(WSYR-TV)– As President Biden paid his respects to the 10 people who lost their lives in a mass shooting Saturday in Buffalo, he wasn’t afraid to label the senseless attack ‘domestic terrorism.’ 

Corri Zoli, a Syracuse University faculty member and domestic terrorism expert, said the distinction between labeling an extremist act such as this one ‘domestic terrorism’ versus ‘mass shooting’ is a difficult one to make.

“One of the ways that we distinguish is if there’s an ideological motive that’s informing the act of violence… in this case, it looks like there’s ethnic, racial motivations and some anti-religious motivations,”

Corri Zoli, Syracuse University Faculty

While Zoli said she’ll wait until the investigation is over to label Saturday’s attack, she recognizes these extremist acts against our own people are on the rise. Zoli credits political polarization and social media.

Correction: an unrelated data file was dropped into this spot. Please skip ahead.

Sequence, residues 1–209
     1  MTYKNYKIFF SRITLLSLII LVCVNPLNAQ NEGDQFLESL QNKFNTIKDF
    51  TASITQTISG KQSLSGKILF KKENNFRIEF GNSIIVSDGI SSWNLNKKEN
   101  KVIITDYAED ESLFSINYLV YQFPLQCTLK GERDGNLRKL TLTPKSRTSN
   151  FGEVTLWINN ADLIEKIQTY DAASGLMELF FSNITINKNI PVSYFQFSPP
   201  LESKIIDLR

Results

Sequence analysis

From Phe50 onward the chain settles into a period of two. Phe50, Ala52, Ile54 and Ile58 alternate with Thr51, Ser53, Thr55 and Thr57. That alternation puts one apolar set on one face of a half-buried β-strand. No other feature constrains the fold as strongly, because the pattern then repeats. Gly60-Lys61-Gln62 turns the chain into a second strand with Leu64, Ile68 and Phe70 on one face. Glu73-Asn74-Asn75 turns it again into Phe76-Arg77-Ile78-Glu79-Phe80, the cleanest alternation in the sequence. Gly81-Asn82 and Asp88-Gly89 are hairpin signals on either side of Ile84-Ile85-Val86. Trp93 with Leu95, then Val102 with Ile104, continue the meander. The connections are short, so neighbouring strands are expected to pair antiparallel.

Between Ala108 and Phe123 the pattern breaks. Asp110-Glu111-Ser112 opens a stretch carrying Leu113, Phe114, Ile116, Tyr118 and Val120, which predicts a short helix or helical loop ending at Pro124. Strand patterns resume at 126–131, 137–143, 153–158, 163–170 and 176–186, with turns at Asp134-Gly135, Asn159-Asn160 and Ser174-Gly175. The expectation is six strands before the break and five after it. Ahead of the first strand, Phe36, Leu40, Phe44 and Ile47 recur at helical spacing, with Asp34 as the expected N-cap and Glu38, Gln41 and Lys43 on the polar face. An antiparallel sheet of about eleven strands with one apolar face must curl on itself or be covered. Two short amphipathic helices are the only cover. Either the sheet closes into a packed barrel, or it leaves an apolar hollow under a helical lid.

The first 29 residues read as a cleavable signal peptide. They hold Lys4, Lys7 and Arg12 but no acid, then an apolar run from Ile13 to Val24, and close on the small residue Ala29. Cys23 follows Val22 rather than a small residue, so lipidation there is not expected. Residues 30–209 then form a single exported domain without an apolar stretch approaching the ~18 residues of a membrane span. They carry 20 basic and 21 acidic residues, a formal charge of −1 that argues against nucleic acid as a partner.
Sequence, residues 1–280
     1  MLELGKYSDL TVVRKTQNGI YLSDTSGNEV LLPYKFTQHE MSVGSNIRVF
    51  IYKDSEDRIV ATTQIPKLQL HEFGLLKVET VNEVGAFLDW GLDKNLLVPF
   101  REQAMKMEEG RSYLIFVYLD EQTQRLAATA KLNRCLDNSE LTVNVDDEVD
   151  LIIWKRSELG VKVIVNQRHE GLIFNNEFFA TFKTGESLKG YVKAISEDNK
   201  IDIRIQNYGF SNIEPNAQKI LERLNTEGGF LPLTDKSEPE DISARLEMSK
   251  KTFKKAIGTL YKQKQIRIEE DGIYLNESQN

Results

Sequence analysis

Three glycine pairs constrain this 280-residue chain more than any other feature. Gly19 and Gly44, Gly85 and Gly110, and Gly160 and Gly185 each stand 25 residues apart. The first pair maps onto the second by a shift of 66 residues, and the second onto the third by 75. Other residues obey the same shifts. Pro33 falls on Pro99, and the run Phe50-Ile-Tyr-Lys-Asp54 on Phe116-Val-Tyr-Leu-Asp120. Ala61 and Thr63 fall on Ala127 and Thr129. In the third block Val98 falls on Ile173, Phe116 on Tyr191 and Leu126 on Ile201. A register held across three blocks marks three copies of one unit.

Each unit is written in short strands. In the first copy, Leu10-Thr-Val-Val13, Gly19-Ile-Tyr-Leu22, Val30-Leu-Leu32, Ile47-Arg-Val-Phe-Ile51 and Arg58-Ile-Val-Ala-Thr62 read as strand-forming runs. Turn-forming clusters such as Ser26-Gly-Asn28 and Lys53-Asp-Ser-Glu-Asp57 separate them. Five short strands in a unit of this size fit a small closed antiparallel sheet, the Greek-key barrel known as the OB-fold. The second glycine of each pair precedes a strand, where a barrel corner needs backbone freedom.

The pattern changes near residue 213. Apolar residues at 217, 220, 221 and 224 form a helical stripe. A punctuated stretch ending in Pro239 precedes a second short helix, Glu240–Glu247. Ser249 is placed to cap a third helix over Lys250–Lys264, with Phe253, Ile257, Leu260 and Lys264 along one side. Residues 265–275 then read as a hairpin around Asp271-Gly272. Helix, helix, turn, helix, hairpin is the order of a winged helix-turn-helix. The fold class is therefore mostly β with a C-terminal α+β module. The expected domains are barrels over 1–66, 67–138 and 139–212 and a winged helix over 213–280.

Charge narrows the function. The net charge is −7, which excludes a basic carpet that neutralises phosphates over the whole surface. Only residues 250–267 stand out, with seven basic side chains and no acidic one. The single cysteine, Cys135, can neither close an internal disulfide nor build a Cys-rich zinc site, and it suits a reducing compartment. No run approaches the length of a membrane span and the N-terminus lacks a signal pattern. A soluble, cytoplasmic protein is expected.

“Ideologies that get disseminated through either telegram or Twitter or Facebook or Tik Tok, you know these venues I mean they inspire, they purposely and deliberately inspire,” she said.  

The Buffalo shooter used social media apps like Discord and Twitch to lay out his plans for others to read and live stream the attack.

“Social media can be a force multiplier for disseminating these extremist ideologies to make them look cool, to make them look like a way in which, especially alienated or marginalized folks, can belong,”

Corri Zoli, Syracuse University Faculty

So how do we put an end to it? Zoli said there isn’t one easy fix but believes community members must pay attention to early warning signs. These include a person making threats or statements about violence to family members, school authorities, or law enforcement. Zoli said sometimes these people alienate themselves or surround themselves with people who share extremist ideologies. Signs that everyone must look out for, not just law enforcement.